A joint effort of scientists fr om the Laboratory for Structures and Functional Properties of Molecular Systems (NSU Physics Department), Boreskov Institute of Catalysis SB RAS and University of Kyoto, provided an in-depth molecular-scale picture of proton conductivity mechanism in an acid-free proton-exchange membrane based on a porous metal-organic framework and urea. The results were published in one of the most influential chemistry journal worldwide, “The Journal of the American Chemical Society”.
The relevance of this research relates to the scientists' attempts to change the development vector of energy based on oil and coal. Creating fuel cells with two primary components, hydrogen and oxygen, increases their durability (solving the energy conservation problem due to minimal degradation of the material inside the cells) making them more environmentally friendly.
The operating principle is to connect pre-prepared components of gases (that are stored in cylinders) inside the cell. The primary component is the proton-exchange membrane that passes only hydrogen ions that are formed at the anode of the cell. In this process, hydrogen ions pass through the membrane and interact with oxygen to form water. This creates an electromotive force that can be used to operate various devices. The membrane must be moisture resistant and impermeable by other substances.
Although this new generation of fuel electrochemical cells will solve the chemical problem of preserving and transmitting energy at a distance, the optimal structure for the material of the fuel cell‘s key element had not been identified. In addition to a high conductivity rate and charge density, the material for the membrane must meet a number of requirements, such as stability and operational safety. Novosibirsk scientists solved this problem working with colleagues from the University of Kyoto (Japan). They created an effective membrane without the use of toxic acid components. As a rule, various microporous carriers are used to create highly efficient proton-conducting membranes and acid groups are introduced, either in the form of guest acid molecules (such as HCl or H2SO4) or as functional groups. In such conditions even with water used as a carrier, there is a danger of acid escape from the pores and destruction of both the membrane and the entire device.
Scientists at Kyoto University created a prototype for a suitable membrane using metal-organic frameworks with urea embedded in the pores. The Novosibirsk scientists used solid state nuclear magnetic resonance to demonstrate that in the presence of water molecules, urea microchannels (MOF-74) inside the framework and is capable of forming a network of hydrogen bonds suitable for efficient charge transfer.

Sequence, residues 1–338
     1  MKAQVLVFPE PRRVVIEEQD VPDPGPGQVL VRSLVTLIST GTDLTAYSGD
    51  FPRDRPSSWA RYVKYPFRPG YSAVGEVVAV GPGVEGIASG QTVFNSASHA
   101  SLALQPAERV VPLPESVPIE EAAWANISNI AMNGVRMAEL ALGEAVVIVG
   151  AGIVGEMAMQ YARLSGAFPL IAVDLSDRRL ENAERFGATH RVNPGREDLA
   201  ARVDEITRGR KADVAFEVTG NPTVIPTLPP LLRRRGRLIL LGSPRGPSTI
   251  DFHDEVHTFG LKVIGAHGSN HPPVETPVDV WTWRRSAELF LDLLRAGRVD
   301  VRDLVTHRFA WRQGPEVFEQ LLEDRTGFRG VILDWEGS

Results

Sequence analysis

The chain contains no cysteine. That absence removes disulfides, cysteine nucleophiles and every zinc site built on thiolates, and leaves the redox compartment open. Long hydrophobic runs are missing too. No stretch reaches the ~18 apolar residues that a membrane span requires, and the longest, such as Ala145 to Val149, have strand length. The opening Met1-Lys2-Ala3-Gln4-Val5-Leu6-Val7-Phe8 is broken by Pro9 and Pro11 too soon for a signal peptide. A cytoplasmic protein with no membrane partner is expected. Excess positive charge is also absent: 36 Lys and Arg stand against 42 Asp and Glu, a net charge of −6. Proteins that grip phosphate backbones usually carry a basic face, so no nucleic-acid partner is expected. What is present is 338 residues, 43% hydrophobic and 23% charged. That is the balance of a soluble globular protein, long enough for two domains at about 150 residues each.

Daniil Kolokolov, Senior Research Fellow at the NSU Laboratory explained,
This is an important achievement. Through experiment, we were able to understand the proton conductivity mechanism and demonstrate that with open metal centers in the framework, urea molecules coordinate the center and in this state can form fairly strong hydrogen bonds with guest water molecules. This does not happen in an ordinary urea-water solution. We were able to prove that the resulting hydrogen bond structure, formed in the channel of the framework, is responsible for the charge transfer mechanism. It is important to note that, unlike the usual method for using acids, urea is a much more environmentally friendly reagent and it will not evaporate easily and corrode the fuel cell when overheated.
Scientists were developing proton-exchange membranes in the 1960s for the space program and military applications. However, the resulting prototypes were too expensive to produce them on a massive scale. Interest in membranes returned in the 1990s and in recent decades new membranes made of cheaper and more effective materials started to appear.
Today, the creation of efficient fuel cells will not only solve challenges related to powering spacecraft, but provide more affordable and environmentally friendly electrification for infrastructure (ie. location systems) in remote areas including the Far North wh ere it is necessary to be protected from external conditions (wind, sun, temperature).